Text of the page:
Machine learning and its applications have grown explosively in the last few years. However, the success of machine learning is still poorly understood from a theoretical point of view. Current state-of-the-art machine learning techniques are known to lack robustness and often come without theoretical guarantees, which questions the reliability of the results. This becomes particularly concerning for safety-critical applications such as life-threatening decisions in medicine.
In contrast, differential equations are of great importance in scientific computing and are an essential tool for modelling in science and engineering. In addition, they are based on rigorous and well understood scientific principles. With the emergence of deep neural networks in modern machine learning, this motivates us to make use of their complementary strengths: the modelling power and interpretability of differential equations, and the approximation and generalisation power of neural networks.
This project will unlock the next generation of transparent machine learning by developing new algorithms and theoretical foundations for hybrid approaches at the interface of machine learning and differential equations. There are two main directions on how synergies between differential equations and machine learning can result in transparent AI. Firstly, differential equations can be used for addressing challenges in machine learning. For instance, diffusion models which emerged as the new state-of-the-art generative models are based on differential equations, and the study of such models will give new insights, particularly in terms of the analysis and design of new computational tools. Secondly, machine learning can be used to learn dynamics from data or solve differential equations. An example for this is the numerical solution of high-dimensional problems or nonsmooth phenomena such turbulences or high frequencies which are nearly impossible to resolve using standard methods.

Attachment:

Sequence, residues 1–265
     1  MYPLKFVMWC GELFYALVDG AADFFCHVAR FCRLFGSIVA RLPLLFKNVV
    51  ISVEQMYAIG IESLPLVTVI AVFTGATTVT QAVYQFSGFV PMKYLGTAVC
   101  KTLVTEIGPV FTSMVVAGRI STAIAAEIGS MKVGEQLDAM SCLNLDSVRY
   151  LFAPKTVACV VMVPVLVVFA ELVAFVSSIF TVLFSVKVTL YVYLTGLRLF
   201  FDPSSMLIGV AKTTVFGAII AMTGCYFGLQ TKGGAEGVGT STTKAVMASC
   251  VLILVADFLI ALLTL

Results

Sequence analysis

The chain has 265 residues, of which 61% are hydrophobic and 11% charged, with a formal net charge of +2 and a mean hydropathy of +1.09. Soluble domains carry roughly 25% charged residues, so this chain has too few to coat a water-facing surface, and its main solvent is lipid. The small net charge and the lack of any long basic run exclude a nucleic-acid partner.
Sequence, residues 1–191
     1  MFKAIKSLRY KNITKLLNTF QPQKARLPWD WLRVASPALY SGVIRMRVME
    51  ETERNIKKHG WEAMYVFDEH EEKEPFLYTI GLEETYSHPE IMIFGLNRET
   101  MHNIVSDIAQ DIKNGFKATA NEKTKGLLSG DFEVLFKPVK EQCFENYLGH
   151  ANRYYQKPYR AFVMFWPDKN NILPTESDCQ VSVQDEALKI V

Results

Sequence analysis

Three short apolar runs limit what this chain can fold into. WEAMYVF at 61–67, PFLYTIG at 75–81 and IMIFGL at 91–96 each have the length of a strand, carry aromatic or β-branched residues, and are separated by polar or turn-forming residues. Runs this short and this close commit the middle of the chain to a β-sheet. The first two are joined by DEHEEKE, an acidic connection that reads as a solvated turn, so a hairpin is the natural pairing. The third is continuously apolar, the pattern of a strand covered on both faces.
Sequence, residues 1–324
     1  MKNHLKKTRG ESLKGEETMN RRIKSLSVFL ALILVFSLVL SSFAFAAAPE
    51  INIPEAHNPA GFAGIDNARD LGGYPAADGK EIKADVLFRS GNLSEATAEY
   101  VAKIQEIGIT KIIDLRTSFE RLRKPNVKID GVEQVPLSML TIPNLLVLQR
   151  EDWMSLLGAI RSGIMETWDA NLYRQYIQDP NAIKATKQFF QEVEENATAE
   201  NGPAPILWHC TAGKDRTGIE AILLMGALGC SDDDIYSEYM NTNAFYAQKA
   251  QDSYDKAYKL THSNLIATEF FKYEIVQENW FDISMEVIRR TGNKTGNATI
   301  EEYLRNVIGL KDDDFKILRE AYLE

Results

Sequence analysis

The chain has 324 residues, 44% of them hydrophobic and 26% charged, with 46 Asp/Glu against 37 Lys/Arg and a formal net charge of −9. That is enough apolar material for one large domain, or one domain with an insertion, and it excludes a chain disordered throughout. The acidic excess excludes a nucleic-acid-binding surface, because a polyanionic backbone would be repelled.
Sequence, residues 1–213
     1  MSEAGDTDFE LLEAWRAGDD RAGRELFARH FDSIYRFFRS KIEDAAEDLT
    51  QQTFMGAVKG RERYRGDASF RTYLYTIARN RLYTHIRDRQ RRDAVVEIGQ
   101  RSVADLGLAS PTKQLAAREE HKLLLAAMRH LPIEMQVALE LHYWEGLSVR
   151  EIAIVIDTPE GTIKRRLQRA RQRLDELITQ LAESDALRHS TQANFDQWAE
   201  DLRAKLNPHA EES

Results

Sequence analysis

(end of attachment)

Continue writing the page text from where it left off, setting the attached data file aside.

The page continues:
Unlike most state-of-the-art machine learning approaches, the methods developed in this project will not be fully black-box methods. By incorporating classical numerical techniques, these hybrid computational methods will not only be fast, but also provide a degree of transparency that is lacking in current approaches. Additionally, incorporating physical constraints will also allow the algorithm to converge to the correct solution faster. The algorithm development will be complemented by the mathematical analysis of the methods which will establish theoretical guarantees on the convergence of the algorithm and the conservation of desirable properties of the solution.
This project is associated with the UKRI Centre for Doctoral Training (CDT) in Accountable, Responsible and Transparent AI (ART-AI). We value people from different life experiences with a passion for research. The CDT's mission is to graduate diverse specialists with perspectives who can go out in the world and make a difference.
Applicants should hold, or expect to receive, a First or Upper Second Class Honours degree in Mathematics or disciplines with significant mathematical components such as Computer Science, Physics and Chemistry. Experience in programming (in any language) is desirable.
Informal enquiries about the project should be directed to Dr Kreusser.
Formal applications should be accompanied by a research proposal and made via the University of Bath’s online application form. Enquiries about the application process should be sent to firstname.lastname@example.org.
Start date: 2 October 2023.